Published: August 21, 2007
Barridoff Galleries hosted a sale of fine American and European art at the Holiday Inn by the Bay on August 3. Featuring a great selection of artwork, the sale totaled more than $4 million. Depending on the results of postauction sales, gallery owner Rob Elowitch characterized the auction as “one of our most successful sales, perhaps our most successful yet.” He said the saleroom at the Holiday Inn was packed, with many people standing.
“We got some amazing prices,” stated Elowitch. This despite a worrisome US stock market, whose wobbles tend to affect the performance of lower end and middle tier lots; however, the auctioneer said that the high end seemed to be running on all cylinders when it came to paintings by well-known and -regarded artists or works with extraordinary provenance.
A case in point was an important oil by Abbott Fuller Graves of a garden with two figures conversing near a fountain, the young girl almost certainly the artist’s daughter. The painting had initially been consigned for last year’s Barridoff sale from the artist’s family. It had been exhibited in 1923 at Babcock Galleries, at the artist’s first solo exhibition in New York City and then illustrated in Ladies’ Home Journal in an article on New England gardens by George Alfred Williams in May 1924. “The Fountain,” measuring 25 by 30 inches, appeared to be untouched and dirty, but otherwise in excellent condition.
A domestic squabble between the buyer and his wife †who, Elowitch related, berated her spouse for spending “too much money” on the painting, resulted in the Graves painting being returned to this year’s sale lineup. It sold to a “wonderful buyer this time,” said Elowitch, a California resident whose phone bid won the painting at $150,000.
Top lot of the sale was an oil on canvas painting, “Yellowstone National Park,” by Worthington Whittredge (American, 1820‱910), which soared above its $20/30,000 presale estimate to $216,000. The painting depicted a pair of deer foraging on the edge of a stream in the foreground with towering sunlit buff ridges in the background. “War happened,” said Elowitch, attempting to fathom a cause for the lot’s stellar performance. “It began with competition among one person on the floor and two phone bidders, and finally came down to a battle between the floor and the phone,” he said. The phone won.
Another robust performance was turned in by a glowing William Henry Buck (American, 1840‱888) oil on canvas titled “A Schooner at Sunset on Lake Pontchartrain.” Selling for $198,000, the consignment’s price was a “life-changing amount” for its owner Walter Haas, a Raymond, Maine resident. “He bought the painting when it was first offered at our gallery seven years ago,” said Elowitch. Barridoff this time put a $20/30,000 presale estimate on the 17¾-by-33¾-inch painting that was signed “Wm H Buck” lower right. Elowitch attributed a heightened interest in Southern paintings generally as a reason for the painting’s strong performance.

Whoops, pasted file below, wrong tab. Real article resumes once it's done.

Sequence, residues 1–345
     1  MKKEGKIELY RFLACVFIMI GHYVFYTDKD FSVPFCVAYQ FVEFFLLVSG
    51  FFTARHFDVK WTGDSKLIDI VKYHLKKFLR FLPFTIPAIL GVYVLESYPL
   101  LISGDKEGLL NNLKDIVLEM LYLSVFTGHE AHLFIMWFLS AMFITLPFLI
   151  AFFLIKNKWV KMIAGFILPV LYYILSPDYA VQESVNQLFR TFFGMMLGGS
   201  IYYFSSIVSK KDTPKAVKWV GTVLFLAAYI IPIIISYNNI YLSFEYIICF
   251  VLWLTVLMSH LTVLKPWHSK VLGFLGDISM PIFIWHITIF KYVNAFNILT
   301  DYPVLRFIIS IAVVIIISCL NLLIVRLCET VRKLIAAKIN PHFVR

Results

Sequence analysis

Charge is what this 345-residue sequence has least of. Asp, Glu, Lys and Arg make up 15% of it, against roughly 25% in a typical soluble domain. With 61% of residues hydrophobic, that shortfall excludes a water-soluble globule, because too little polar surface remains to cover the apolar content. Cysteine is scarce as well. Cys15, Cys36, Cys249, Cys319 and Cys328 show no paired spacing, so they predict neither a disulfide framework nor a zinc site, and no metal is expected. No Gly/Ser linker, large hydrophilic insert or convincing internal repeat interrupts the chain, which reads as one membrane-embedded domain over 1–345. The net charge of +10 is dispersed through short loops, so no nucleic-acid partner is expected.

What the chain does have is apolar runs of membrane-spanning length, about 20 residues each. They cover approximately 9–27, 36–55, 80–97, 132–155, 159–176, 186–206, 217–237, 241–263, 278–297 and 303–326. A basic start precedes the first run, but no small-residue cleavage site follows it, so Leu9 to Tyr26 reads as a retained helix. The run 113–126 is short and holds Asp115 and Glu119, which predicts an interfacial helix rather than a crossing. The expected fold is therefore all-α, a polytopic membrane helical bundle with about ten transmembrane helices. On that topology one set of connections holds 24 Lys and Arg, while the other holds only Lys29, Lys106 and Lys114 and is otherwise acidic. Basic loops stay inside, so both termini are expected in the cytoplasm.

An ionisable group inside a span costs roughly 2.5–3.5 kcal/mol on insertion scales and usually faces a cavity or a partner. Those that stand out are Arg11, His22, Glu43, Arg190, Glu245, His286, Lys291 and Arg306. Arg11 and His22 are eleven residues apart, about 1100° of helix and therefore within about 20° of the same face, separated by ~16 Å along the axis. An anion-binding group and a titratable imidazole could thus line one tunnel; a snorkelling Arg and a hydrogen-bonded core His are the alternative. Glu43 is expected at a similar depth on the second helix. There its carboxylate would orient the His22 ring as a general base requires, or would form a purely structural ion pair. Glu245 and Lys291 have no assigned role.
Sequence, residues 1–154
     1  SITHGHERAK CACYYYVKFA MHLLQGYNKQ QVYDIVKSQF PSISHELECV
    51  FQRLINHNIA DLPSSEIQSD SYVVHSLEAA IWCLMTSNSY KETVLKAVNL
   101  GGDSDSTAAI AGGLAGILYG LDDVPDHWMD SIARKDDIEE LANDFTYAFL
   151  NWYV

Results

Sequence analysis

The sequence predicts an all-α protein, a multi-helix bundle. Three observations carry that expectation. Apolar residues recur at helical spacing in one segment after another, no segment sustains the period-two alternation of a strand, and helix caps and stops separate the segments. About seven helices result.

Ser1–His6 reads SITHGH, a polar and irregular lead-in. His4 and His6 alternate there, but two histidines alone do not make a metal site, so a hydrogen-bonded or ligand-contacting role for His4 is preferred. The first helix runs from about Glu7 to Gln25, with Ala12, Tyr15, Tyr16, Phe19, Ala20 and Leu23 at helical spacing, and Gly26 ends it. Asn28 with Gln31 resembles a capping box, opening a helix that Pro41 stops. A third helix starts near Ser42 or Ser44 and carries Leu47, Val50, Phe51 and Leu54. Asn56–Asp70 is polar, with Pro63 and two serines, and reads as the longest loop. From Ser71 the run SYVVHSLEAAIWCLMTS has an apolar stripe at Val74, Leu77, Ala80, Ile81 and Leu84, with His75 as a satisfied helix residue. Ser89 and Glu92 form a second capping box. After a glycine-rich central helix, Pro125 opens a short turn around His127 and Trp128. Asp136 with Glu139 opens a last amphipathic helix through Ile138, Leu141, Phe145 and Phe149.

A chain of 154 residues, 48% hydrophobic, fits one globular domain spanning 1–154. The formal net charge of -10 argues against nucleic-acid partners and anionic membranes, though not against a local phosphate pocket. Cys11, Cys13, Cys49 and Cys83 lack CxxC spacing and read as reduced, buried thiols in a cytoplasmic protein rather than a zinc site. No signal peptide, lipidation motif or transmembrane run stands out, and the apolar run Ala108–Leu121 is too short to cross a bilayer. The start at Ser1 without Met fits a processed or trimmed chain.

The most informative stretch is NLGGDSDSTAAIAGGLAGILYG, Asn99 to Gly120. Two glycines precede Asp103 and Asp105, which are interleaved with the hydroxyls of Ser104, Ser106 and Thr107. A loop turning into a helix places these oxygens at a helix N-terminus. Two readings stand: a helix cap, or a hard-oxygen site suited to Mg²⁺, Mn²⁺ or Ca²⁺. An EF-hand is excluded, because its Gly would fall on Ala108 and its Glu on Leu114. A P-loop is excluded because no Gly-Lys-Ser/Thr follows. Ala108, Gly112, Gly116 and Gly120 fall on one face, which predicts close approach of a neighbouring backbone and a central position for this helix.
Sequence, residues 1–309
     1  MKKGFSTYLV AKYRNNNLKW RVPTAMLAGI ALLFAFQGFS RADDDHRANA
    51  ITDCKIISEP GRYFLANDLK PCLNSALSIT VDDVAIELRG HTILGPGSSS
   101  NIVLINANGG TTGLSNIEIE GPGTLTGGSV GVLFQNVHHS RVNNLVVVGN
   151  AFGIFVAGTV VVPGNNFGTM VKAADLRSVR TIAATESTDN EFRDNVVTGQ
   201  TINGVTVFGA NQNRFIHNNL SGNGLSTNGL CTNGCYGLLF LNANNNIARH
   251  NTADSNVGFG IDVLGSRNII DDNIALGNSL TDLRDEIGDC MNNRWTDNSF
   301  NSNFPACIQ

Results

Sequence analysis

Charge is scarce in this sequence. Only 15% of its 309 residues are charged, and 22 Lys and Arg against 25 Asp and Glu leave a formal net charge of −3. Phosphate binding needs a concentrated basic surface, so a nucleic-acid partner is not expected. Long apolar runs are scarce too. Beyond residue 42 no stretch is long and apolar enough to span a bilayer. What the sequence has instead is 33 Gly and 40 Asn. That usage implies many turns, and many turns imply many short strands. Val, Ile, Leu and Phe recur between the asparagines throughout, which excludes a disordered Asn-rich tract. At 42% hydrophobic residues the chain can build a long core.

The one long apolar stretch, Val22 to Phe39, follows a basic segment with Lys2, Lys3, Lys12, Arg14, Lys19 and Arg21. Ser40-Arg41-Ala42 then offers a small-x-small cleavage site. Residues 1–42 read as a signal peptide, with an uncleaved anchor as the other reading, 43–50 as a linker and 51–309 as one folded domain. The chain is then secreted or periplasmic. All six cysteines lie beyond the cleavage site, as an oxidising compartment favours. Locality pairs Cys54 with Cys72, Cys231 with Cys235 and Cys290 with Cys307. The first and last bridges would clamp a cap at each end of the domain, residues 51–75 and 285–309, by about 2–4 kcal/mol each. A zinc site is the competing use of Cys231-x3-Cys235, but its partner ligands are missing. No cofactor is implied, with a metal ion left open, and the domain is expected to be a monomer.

“We’ve done well in the past with [Rackstraw] Downes, and we’re seeing strength in contemporary art,” said Elowitch, speaking about the American artist’s depiction of “The Pulp Mills at Madison,” a 12½-by-40-inch oil on canvas that more than doubled its high presale estimate to bring $114,000. The painting was festooned with New York City gallery labels verso, including those of Kornblee, Hirschl & Adler and Hirschl & Adler Modern.
Another popular artist featured regularly at Barridoff sales, Anthony Thieme (American, 1888‱954), was represented by four works, the best performing of which was the glittering “Morning Sun, Nassau,” an island painting in oil on canvas measuring 30 by 36 inches. Consigned by a Greenfield Center, N.Y., couple, the painting depicting boats getting underway from an island dock was fresh to the market, and easily slipped out of its $40/60,00 presale mooring to achieve $96,000. A Thieme Rockport scene, “Afternoon in Rockport,” consigned by a Kennebunk, Maine, family, also did well, bringing $54,000.
Price-per-square-inch honors went to a “tiny, tiny, tiny” painting by Edward Potthast (American, 1857‱927) of a young girl wading at the edge of the seashore. The 5½-by-3½ inch oil on board, dwarfed but at the same time enhanced by its beautiful original gold frame, came out of a private collection in Vermont. It had a Salmagundi Club label verso and went out at $84,000.
Further highlights of the sale were a harbor scene by John Whorf (American, 1903‱959) that realized $78,000; and a brooding portrait of a “Country Girl” by Walt Kuhn (American, 1877‱919), which also sold for $78,000.
Prices reported include the 20 percent buyer’s premium. For information, www.barridoff.com or 207-772-5011.
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